Erin Clancy ’07
Foreign Service Officer
U.S. Department of State
Major: Political Science
Activities: Thalian Society; Model United Nations; Black Student Union; Poet Democrats Club; Bisexual, Gay, Lesbian, and Allies for Diversity.
What first attracted you to Whittier College? The small class sizes and opportunity to build relationships with the professors.
Why did you choose to study Political Science? Have you met professor Fred Bergerson? He skillfully persuaded me on my first day of Freshman Orientation that becoming a Political Science major was not a choice; it was my destiny.
Where was your favorite place to study? Wardman Hall/Whittier Scholars classrooms.
What was your favorite class? The Economics of War
Who was your favorite professor? I did not have a favorite; I had four. Fred Bergerson, Mike McBride, John Neu, and Deborah Norden.
Did you intern while at Whittier College? Where, and what was that experience like? I interned on Capitol Hill in the office of Congresswoman Eddie Bernice Johnson TX-32; two summers at the Department of Energy Office of Policy and International Affairs for Africa and the Middle East; and one summer at the State Department's Bureau of Intelligence and Research (INR).
A generous Whittier college alumna, Adrienne Cisneros, was responsible for the two internships I had at the Department of Energy, which really paved the way for me and gave me tremendous insight into the inter-agency process and government jobs. I remain grateful to Adrienne for her help and the time she spent mentoring me and showing me the ropes of Washington.
What was your first job after Whittier? What are you currently up to? How has your Whittier education benefited you professionally? After graduating from Whittier, I went on to receive a master's degree from the Fletcher School of Law and Diplomacy at Tufts University in Medford, Massachusetts. My first job after Whittier and Fletcher was joining the U.S. Department of State as a Foreign Service Officer. I am currently on my second diplomatic assignment as a Political-Economic Officer in Muscat, Oman.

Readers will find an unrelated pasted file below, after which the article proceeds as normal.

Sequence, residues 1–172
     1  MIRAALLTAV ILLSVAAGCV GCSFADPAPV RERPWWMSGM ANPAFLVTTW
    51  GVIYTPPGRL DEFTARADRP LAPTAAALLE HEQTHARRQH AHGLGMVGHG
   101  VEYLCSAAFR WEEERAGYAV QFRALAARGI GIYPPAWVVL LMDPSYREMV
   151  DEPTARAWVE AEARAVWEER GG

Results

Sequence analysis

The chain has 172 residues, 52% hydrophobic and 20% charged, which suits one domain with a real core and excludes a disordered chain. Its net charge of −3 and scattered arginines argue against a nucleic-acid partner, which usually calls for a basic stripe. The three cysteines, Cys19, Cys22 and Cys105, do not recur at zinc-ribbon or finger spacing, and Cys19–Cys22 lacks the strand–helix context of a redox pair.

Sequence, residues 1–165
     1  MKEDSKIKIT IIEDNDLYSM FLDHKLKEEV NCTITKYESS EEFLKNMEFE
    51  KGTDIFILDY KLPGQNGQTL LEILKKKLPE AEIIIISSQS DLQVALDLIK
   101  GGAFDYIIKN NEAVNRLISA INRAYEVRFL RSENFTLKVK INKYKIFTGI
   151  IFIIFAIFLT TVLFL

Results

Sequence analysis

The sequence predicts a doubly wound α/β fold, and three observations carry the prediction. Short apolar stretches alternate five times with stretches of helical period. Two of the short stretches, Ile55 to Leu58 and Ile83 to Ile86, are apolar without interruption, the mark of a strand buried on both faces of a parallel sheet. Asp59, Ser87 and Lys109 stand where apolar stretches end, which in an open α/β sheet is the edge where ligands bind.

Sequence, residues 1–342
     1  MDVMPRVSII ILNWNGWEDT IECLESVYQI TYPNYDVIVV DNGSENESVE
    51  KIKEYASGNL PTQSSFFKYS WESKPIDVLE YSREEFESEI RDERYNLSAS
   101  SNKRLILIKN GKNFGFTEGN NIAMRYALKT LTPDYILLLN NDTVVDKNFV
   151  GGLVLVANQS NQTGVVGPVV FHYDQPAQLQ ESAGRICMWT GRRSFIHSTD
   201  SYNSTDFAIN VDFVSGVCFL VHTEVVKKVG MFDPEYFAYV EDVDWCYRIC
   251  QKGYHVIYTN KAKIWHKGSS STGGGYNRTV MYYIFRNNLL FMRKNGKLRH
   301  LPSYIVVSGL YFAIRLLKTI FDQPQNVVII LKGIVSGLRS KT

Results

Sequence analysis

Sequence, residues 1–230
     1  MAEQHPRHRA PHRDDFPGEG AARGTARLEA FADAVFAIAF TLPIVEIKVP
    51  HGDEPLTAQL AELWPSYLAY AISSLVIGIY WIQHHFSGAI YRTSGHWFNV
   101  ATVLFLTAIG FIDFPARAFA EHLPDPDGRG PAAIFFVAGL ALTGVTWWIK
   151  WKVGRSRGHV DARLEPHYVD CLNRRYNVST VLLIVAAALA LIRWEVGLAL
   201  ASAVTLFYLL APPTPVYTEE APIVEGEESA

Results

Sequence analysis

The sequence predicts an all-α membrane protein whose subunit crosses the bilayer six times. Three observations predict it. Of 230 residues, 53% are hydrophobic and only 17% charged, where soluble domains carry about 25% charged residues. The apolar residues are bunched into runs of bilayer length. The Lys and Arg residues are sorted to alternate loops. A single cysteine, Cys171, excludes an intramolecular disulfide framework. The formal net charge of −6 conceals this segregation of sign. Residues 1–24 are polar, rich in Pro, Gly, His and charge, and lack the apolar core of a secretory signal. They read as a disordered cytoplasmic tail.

I draw on my Whittier education every day. The Foreign Service is an interdisciplinary career—perfect for Whittier College students who have been steeped in the liberal arts. Whittier trained me to look for the linkages between different ideas and different disciplines. When I have to give remarks on entrepreneurship and economic development one day, I, then, can easily brief the Ambassador about how the economic situation impacts morale and cohesion of the host country's military and law enforcement officers on the next day. As a Whittier graduate, I think about issues in a broader context and look for how the singular issues affect the macro issues in the country or how they impact U.S. foreign policy and strategy.
What has been the most memorable moment of your career up to now? The unforgettable two years I spent in Syria from 2010 until we closed our embassy due to the deteriorating security situation in February 2012.
What advice would you give to future Political Science students when they graduate?
1. Stay connected to Whittier College by giving back with your time, expertise, and, no matter how small the amount, your money.
2. Work hard to hone your writing skills in college. Writing is really the coin of the realm for professional success in politics and government.
3. Network, network, network! But, do so effectively. Build relationships, ask questions, spend time, be thoughtful and sincere in your interactions.
-Are you a graduate of the Department of Political Science and want to share your story? Contact the Office of Communications at firstname.lastname@example.org.